Authors:Jacqueline Mulville (Cardiff University)
Dan Charman (University of Exeter)
Charles Johns (Cornwall Council)
Helen M. Roberts (Aberystwyth University)
Paper short abstract:
The Isles of Scilly have an exceptionally high density of funerary monuments with 83 entrance graves packed into 16km2. The reason for this is unclear, but there is evidence that over time the Isles of Scilly have submerged and this may have affected the density, visibility and type of archaeological monuments. When this submergence occurred and how fast the land became inundated is the subject of the Lyonesse research project, the results of which shed light on the changing nature of the islands and allows us to consider the islanders response to sea level change over time.
Paper long abstract:
The Isles of Scilly are a group of around 200 islands and rocks lying 45km southwest of Lands End, in southwest England. The islands have a rich archaeological heritage but rather little is known of palaeoenvironmental changes associated with changing human settlement. Between the main islands there are large expanses of shallow waters which were submerged as a result of Holocene sea‐level rise and inter‐tidal peats and organic silts outcrop on some of the beaches. Previous work on exposed inter‐tidal sediments suggested there was potential for developing a better understanding of both palaeoenvironmental context of human settlement and rates of past sea‐level rise for the islands.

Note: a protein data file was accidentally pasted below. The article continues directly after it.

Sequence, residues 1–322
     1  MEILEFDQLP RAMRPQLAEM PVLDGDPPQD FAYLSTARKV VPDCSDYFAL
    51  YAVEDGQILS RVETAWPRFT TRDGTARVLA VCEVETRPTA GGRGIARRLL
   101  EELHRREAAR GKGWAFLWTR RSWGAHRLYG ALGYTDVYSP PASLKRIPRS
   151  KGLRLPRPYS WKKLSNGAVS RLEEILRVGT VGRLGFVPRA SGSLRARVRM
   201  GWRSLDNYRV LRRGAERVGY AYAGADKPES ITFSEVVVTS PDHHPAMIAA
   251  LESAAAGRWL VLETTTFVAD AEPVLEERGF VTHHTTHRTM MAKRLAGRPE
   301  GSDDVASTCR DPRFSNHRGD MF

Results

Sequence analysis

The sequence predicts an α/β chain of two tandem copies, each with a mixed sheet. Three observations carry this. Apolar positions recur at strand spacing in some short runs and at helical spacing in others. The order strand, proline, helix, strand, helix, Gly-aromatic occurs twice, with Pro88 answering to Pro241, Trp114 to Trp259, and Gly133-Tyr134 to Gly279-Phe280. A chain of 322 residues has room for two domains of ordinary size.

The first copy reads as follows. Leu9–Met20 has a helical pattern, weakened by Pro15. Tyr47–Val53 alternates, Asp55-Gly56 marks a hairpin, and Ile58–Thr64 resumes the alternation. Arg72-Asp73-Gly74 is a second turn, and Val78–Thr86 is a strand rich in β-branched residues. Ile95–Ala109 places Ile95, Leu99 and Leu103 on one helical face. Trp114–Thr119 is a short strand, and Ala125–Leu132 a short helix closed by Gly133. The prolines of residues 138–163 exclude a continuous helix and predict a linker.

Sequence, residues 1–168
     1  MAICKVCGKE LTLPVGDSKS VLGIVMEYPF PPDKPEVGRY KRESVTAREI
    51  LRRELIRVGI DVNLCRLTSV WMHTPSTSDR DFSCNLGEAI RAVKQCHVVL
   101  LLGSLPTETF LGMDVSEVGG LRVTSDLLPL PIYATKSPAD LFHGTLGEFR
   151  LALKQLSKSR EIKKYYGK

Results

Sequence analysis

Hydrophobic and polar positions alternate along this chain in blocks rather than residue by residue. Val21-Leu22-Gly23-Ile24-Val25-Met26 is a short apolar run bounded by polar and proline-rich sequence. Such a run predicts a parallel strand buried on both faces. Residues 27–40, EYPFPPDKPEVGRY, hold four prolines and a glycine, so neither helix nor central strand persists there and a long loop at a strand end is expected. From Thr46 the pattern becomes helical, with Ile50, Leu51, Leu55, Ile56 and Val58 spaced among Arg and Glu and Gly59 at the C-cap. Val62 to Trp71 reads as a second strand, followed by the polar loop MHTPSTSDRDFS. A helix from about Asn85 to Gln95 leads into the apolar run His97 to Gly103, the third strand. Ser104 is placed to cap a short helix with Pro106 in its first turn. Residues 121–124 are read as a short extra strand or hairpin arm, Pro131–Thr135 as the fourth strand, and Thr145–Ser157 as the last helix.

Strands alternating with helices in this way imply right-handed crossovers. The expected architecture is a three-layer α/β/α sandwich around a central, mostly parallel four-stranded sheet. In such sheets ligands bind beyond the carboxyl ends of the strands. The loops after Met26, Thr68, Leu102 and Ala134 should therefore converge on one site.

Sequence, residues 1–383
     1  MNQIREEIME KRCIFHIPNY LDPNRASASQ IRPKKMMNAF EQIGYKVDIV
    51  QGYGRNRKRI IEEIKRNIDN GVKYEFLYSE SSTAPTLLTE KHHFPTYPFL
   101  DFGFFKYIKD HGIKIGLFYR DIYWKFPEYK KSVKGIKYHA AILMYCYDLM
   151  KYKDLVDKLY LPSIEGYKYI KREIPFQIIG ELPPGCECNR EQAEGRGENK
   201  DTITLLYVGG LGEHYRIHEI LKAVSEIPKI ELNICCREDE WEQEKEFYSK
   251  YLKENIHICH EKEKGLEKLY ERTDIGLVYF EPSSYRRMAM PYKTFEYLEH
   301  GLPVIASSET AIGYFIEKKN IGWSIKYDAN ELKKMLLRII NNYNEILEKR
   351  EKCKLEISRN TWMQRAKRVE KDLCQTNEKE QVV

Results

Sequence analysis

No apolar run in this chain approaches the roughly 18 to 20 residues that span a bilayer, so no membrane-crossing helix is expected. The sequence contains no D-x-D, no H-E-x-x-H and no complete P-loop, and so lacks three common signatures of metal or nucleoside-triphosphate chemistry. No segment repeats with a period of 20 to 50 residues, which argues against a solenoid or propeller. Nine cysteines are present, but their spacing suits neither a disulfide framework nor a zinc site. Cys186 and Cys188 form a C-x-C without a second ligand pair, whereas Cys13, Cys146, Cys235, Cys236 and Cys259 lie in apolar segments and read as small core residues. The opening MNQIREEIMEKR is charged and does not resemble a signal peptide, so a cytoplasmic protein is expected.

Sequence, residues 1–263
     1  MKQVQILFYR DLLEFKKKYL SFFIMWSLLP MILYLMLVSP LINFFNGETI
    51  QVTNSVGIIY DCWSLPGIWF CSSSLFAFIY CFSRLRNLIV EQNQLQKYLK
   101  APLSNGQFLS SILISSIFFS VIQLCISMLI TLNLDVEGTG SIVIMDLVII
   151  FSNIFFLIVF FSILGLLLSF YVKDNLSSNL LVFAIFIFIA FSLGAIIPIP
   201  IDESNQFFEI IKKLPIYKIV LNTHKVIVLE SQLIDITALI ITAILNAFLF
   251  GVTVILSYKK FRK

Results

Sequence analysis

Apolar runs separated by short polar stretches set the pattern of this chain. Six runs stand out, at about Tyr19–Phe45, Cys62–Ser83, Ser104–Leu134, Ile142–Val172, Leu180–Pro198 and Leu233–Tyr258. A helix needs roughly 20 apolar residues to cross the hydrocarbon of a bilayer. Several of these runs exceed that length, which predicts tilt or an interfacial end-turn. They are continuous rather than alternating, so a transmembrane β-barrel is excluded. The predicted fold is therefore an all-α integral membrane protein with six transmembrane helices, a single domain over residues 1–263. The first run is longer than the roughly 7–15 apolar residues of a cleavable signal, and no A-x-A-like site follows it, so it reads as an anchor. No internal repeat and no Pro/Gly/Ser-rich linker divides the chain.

The English Heritage‐funded Lyonesse Project is aimed at addressing three key issues concerning the islands: 1) The extent of the 4 inter‐tidal and sub‐tidal palaeoenvironmental resource, 2) The nature of vegetation change in relation to human occupation, 3) Rates of past sea‐level change and the changes in palaeogeography of the islands. The question of past sea‐level change is particularly important to resolve because of very rapid rates of sea‐level rise have been suggested with significant implications for the nature of human settlement and activity during both prehistoric and later periods. Initial data on sea‐level constrained by both radiocarbon and optically stimulated luminescence dates suggests the model of a very rapid rate of sea‐level rise should be discounted.
Palaeoeconomy and palaeoecology of south west Britain